As for traumatic initiating events, they are not limited to emotional trauma; physical trauma is just as significant as is long term chronic conditions, such as, childhood migraine, IBS, etc. There was also a recent study that dismissed this all together. [Gonzalez, et al., 2013]

That brings me to your last comment in the interview, for which I am perplexed, “There is a lot invested in what I would call a psycho-cultural illness.”   There seemed to be an undertow to the interview and the last statement left me flogging like a drowning victim in a vast sea without a life vest. 

I will keep any posts I make to specific scientific papers and research as time allows. I am an RN, patient, published author of books and papers, and I am an advocate.  I am considered a fibromyalgia expert at Sharecare, and participate in PAINS,  I am NOT a researcher, and I don't represent myself as one, though as an educator and past author of continuing education programs for the Missouri State Board of Nursing, I am well aware of literature review.  I worked closely with many hospital department heads as hospital-wide educator (past member of ASHET) and was the training center director for the American Heart association and affiliate faculty for BLS and ACLS. My career was full and rewarding until the pain became too severe and my short term memory became severely affected (documented on a forensic neuropsychological exam).  It is significant and the primary reason I do what I do in an effort to retain what I have.  I have experienced migraines, IBS, joint hypermobility and bladder difficulties since childhood, followed by Raynauds, levido reticularus, in young adult hood, and severe cervical radiculopathy since age 35. I have had many sports and on the job injuries resulting in many orthopedic shoulder and knee surgeries. Later I found out I have Hashimoto's thyroiditis and that I never experience stage III or IV (slow wave) sleep progression and moved my legs 180 times in four hours. I do have loss of HRV which is documented.  I would suggest that the appropriate tests must be implemented to explain “somatic complaints” so an investigation of other causes and appropriate treatments can be initiated to improve patient outcome. I have asked myself a thousand times, as you suggest in your interview, which came first, the chicken or the egg?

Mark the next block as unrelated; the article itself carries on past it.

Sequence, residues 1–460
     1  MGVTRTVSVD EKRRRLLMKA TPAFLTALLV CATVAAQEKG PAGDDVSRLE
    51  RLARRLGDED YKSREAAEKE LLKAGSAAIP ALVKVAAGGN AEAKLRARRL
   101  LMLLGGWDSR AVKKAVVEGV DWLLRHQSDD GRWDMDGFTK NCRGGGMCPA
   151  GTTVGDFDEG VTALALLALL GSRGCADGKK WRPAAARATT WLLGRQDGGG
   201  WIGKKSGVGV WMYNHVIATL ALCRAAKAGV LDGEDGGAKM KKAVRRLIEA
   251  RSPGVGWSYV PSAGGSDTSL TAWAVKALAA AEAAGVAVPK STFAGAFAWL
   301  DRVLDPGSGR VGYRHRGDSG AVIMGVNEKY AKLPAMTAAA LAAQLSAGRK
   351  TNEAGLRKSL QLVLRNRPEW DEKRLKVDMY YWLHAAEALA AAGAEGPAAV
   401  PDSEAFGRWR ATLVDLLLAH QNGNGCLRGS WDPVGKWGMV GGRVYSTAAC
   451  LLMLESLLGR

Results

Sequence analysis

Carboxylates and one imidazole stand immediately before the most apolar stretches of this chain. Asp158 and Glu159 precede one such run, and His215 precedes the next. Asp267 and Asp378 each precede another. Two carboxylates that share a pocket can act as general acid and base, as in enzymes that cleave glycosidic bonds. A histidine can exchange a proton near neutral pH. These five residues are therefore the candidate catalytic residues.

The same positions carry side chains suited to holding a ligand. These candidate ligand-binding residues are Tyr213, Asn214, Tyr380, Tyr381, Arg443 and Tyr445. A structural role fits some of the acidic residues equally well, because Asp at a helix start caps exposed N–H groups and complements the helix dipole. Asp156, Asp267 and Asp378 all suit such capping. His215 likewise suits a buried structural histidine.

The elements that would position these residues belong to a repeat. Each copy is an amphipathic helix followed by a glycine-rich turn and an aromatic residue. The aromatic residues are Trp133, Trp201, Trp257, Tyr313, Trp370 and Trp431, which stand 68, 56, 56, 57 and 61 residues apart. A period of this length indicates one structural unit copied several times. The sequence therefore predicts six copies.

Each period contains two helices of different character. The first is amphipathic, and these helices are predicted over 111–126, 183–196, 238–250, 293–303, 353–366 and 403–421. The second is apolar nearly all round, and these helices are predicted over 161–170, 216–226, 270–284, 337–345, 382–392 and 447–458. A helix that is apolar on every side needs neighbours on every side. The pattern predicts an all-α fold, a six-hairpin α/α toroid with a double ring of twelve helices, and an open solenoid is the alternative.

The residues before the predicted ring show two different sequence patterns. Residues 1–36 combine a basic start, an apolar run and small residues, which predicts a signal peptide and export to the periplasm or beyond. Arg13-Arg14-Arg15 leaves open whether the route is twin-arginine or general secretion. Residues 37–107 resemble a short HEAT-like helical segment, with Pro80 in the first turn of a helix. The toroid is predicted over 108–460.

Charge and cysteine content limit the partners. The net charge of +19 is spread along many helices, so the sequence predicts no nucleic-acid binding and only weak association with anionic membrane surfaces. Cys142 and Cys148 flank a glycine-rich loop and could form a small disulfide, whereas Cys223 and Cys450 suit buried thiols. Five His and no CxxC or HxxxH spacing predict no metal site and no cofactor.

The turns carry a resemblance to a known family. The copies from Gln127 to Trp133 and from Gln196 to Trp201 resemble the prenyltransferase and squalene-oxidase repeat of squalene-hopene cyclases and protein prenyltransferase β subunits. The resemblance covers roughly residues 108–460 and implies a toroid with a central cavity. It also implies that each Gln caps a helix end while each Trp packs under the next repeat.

The patient must reach a level of acceptance so they can move forward, and in order to sustain momentum for healthy coping, they must have hope. When the patient-physician relationship is not one of mutual respect it becomes part of the problem.

Celeste Cooper

Post Comments: (Notes following)

In due respect, Dr Wolfe did allow a few personal comments on his blog which he did not have to do.  He has been respectful of my comments even though he is not in agreement.

In his interview at Medical.net News, Fibromyalgia: an interview with Dr Frederick Wolfe, a red flag went up when I read that he promotes the work of Simon Wessley and the "research in the UK,"  particularly because of his comments on the FMa/® Test funding, Junk Science – Junk Ethics regarding the study by Behm et al, 2012, where Dr. Wolfe questions bias and funding. I wonder why he doesn't apply the same rules of proposed ethics to Dr. Wessley who has been pounded for his research because it was supported by questionable biased sources, or the funding for the PDDC, supported by Lilly Research Laboratories?  Also of question to me is that one co-author (not known which one) has received a consulting honorarium from Daiichi Sankyo, a Japanese pharmaceutical company for the Wolfe, Brähler, Hinz, Häuser  study.  While I appreciate his willingness to correspond with me, I am uncertain as to what research Dr Wolfe considers unbiased and question if he interprets information and research to fit with his own conceptual framework.